Having Alzheimer’s Disease May Increase The Risk Of Seizure In Elderly
The general perception about petit mal seizure is that it most often attacks to the children but very rarely to the adult and elderly. However, population based researches have confirmed that seizure disorders increase in its frequency and commence mostly after the age of 60. In modern times, life expectancy has substantially changed and people are living longer and concurrently acquiring various medical illnesses. Most of the time they are in greater need of multiple medication. Taking into account the medical practitioners are increasingly challenged to properly manage the seizures and related antiepileptic medications in their elderly patients.
Alzheimer’s May Cause Seizure In Elderly
Other than stoke, cardiovascular disease, brain tumors and epilepsy there is one more disease common in elderly that can cause seizure attacks in them. In reality, the wear and tear of aging process actually predisposes the elderly to seizure. It is estimated that only in United States there are more than five million individual having Alzheimer’s so the challenge is big in front of doctors that patients do not develop a seizure disorder with Alzheimer’s as it places the maximum risk for the of seizure attack.
What Is Alzheimer’s And How It Affects The Brain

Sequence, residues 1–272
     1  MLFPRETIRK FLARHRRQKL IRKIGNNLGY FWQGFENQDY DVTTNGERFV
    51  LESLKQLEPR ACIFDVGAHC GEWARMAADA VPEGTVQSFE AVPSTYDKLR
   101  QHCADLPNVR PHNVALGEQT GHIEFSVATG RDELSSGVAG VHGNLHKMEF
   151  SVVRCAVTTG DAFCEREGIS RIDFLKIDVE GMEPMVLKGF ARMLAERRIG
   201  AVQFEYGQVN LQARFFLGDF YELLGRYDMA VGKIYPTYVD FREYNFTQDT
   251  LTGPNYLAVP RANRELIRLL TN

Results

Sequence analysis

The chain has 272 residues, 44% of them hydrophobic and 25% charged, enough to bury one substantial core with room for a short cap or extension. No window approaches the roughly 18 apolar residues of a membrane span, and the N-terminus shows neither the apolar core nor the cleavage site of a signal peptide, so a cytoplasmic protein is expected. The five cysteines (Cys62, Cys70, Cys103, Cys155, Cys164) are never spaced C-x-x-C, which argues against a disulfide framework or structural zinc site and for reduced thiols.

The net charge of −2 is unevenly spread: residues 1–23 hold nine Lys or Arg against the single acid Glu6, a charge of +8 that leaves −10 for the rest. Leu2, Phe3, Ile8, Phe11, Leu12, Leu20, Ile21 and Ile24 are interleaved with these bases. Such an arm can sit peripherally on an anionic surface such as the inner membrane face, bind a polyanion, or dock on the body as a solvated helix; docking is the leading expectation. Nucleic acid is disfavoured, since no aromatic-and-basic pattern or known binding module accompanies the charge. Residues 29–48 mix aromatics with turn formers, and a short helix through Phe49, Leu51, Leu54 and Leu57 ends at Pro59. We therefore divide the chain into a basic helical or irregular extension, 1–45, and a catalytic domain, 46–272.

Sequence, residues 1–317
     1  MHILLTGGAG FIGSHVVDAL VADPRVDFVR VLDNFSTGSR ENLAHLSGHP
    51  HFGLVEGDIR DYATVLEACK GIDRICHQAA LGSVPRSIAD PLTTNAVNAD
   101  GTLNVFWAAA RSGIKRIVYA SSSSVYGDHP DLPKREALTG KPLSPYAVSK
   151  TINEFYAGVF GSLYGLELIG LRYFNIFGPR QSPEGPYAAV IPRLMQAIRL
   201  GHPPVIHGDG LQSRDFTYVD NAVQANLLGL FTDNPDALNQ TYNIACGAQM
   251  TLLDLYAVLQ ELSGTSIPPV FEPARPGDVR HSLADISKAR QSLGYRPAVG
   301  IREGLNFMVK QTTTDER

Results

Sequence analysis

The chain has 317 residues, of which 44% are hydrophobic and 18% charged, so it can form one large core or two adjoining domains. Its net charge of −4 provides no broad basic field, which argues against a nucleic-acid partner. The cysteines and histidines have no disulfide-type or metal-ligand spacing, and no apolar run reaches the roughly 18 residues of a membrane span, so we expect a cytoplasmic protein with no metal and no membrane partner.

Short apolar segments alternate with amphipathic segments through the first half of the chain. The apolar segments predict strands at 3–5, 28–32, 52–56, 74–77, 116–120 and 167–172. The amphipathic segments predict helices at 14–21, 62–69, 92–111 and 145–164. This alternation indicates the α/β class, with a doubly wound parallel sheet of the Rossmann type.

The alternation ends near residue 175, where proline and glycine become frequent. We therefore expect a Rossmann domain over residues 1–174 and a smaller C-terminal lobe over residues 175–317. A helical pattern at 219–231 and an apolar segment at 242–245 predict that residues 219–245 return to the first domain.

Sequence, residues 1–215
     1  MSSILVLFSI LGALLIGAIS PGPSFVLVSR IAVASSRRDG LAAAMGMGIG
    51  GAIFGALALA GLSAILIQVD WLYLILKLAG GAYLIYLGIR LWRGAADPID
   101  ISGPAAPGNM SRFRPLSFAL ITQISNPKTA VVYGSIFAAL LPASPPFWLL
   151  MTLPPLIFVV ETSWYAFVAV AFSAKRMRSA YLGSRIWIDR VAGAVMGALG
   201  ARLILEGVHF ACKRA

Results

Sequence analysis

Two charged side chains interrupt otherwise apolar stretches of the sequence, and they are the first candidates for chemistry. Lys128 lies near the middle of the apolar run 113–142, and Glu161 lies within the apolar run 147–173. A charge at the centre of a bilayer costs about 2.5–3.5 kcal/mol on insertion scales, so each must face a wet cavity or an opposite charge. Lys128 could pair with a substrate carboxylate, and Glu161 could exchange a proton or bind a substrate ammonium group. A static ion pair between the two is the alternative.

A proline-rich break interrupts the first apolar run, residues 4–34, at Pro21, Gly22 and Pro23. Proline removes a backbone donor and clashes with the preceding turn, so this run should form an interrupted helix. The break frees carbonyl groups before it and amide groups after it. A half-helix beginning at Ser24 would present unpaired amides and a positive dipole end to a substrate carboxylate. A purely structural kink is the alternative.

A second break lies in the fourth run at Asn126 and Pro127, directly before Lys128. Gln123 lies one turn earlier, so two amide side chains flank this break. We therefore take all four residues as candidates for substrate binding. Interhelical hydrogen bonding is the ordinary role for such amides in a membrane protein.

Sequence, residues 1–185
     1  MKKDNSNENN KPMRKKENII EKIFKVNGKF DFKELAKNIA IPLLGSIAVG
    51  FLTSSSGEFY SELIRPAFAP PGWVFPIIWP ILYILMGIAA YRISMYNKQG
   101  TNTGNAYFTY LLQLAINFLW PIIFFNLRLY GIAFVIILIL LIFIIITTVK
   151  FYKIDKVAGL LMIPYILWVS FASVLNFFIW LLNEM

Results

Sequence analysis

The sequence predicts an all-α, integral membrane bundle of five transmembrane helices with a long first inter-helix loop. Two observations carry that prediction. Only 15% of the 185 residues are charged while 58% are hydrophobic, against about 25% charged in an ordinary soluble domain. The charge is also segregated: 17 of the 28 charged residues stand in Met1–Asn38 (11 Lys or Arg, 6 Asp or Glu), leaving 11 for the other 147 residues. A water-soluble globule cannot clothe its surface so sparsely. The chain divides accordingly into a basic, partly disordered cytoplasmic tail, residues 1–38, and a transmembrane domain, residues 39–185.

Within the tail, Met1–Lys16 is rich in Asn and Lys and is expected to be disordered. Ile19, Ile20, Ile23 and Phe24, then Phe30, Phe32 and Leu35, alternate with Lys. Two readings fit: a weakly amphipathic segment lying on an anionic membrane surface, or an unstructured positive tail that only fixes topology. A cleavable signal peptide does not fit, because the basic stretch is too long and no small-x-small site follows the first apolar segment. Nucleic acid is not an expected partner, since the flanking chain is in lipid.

Alzheimer’s disease or AD is a non reversible brain disorder that takes years to develop inside the brain. In elderly, it initiates as memory loss and confusion which is commonly mistook for the associated problem of normal aging. However, these symptoms of AD gradually lead towards personality and behavior changes; the cognitive abilities also show a downward sign and people start having discomfort in recognizing even the close ones and friends. In its extremist stage of disorder, the Alzheimer leads to severe damage in mental functions. This condition of the brain shows a breakdown of the communication of certain neurons. The disorder belongs to the group of dementias group that affects human’s cognitive skills.
A Risk For Seizure Is Always There With Alzheimer
The Development Of Alzheimer’s Disease Progresses Slowly
At the development stage of Alzheimer’s disease the protein called beta amyloid starts building up in the brain and creates a plaque. While researches are being done to determine, how actually it happens, it has been anticipated that this plaque can cause nerve damage in the brain that further lead to the poor cognitive and motor function. These changes are also responsible for increased risk of seizures including petit mal and partial complex seizure. It’s not necessary that AD will surely cause a seizure; however, a risk is always there.
It Usually Develops At The Later Stage Of The Disease
The incidence of seizures varies with dementia illness etiology; among all Alzheimer’s disease patients roughly 10 to 22% experience at least one unprovoked seizure attack. On an average, seizure occurs at the final stage of AD, approximately after 6 years of the course of the disease. Doctors estimate that approx 15 percent of Alzheimer’s patients develop seizure in later stages of it, however there are no official statistics behind the statement. Usually it leads to the clssic tonic clonic seizures but there are several evidences that confirm a very mild form of a seizure the petit mal seizure, in which the person is usually unresponsive or cut off from the surrounding for a short period of time.
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